38. @lisa: Not all unions behave that way. The one I belong to has annual cost-of-living increases of 1-2%, which is much lower than the rate of inflation (you might consider them to be raises, but they really are not). But in order to get promoted you have to fulfill certain professional obligations (in my case, have positive student evaluations, be active on university and department committees, and be active in the academic profession through conference presentations and publications). You cannot get a "raise" (promoted) without meeting (or, most likely, exceeding) certain standards, and there is a faculty committee that recommends applicants to the administration or rejects them (and the administration can reject applicants who have been recommended, depending upon the financial situation of the university). There have been several years when we did not even have a cost-of-living adjustment, and only faculty members who were promoted received "raises." It's all part of a collective bargaining agreement between management and labor--in my case, between the system headquarters (management) and the faculty at the universities in the system.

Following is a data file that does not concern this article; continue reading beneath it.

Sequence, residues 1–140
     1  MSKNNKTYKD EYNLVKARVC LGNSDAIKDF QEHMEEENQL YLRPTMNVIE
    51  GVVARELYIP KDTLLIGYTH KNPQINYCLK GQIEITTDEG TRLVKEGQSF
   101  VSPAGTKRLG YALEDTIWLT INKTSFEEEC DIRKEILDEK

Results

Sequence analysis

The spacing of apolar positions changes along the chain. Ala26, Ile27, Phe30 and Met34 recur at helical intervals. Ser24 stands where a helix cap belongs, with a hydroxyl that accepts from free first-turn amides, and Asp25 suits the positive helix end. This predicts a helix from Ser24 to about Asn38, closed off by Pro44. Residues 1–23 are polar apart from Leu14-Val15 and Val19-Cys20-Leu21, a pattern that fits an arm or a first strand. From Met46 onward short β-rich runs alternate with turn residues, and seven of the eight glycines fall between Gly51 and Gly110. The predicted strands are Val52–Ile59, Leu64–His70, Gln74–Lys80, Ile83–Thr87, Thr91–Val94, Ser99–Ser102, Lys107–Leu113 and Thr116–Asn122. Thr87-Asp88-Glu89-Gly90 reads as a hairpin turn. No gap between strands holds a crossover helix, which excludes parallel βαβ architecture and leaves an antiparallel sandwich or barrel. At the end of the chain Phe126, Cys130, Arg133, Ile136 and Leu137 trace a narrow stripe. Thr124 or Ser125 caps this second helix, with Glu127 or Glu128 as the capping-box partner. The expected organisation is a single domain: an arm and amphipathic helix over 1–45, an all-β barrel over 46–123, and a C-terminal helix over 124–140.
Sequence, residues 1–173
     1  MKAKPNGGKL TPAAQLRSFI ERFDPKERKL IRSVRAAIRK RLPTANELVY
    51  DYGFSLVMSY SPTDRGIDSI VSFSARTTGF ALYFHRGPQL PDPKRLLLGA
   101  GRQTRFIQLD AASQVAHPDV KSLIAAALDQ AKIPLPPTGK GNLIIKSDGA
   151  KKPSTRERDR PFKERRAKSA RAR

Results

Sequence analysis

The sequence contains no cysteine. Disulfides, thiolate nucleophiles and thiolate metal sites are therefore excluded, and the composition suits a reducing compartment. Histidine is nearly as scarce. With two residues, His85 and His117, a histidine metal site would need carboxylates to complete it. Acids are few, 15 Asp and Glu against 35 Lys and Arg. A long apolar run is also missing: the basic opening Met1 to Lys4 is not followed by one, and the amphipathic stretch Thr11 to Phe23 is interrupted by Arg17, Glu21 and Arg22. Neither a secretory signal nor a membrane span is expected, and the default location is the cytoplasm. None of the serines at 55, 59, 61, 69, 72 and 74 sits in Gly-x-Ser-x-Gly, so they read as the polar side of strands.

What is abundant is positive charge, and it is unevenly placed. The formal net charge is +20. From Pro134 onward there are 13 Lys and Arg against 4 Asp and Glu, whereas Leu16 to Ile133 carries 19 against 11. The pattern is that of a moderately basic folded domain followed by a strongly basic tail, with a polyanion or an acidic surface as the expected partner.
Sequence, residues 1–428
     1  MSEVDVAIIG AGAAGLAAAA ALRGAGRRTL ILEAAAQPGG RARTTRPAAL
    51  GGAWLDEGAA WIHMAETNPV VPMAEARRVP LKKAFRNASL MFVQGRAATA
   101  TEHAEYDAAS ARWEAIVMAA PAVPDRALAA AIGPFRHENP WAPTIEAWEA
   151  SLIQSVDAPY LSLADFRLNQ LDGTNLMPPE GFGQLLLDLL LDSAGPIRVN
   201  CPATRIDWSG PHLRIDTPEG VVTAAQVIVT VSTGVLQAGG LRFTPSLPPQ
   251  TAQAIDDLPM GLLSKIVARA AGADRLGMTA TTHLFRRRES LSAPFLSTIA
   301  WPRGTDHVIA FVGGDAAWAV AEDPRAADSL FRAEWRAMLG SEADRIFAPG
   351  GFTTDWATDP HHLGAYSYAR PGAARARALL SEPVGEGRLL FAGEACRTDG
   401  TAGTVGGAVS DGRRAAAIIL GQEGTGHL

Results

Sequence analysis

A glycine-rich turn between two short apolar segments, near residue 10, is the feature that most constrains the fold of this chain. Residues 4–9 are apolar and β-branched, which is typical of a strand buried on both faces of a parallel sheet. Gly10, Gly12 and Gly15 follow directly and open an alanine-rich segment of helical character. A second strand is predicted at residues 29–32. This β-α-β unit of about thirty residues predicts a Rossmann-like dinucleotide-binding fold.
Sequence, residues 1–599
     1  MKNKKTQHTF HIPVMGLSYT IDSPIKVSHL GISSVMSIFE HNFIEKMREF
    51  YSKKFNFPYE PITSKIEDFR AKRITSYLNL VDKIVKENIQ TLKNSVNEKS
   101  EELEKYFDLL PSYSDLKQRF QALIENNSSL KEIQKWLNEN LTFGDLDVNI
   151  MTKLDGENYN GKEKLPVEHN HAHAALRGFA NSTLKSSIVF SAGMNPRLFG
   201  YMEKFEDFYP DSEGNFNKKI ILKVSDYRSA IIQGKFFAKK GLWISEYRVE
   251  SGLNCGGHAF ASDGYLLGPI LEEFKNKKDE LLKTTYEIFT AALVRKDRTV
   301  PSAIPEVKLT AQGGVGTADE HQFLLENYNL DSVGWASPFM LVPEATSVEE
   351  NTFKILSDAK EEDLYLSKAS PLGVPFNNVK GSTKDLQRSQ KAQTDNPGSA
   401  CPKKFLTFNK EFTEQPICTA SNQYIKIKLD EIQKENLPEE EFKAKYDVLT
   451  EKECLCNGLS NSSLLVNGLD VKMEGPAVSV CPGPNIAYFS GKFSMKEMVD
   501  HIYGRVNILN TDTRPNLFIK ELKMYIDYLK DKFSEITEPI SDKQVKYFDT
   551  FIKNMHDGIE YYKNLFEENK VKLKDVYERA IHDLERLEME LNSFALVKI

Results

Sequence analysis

Yes, there are labor unions in which the automatic raises occur, but it is something that is agreed upon by both sides at the bargaining table, not just automatically received without negotiation. If people who are "slackers" are receiving raises, it's because management agreed to it at the table. It is possible for management/owners to stipulate that certain conditions be met before raises occur (such as productivity quotas), which would prevent "slackers" from receiving automatic raises. The Screen Actors Guild (of which I'm sure Charlie is a member) is a type of union, but I'm pretty sure their contracts probably cover different things than a standard union contract (for instance, I think there is different compensation for voice over work versus acting, but I'm not 100% certain). My union contract covers salaries, benefits, working conditions, and workload, among other things.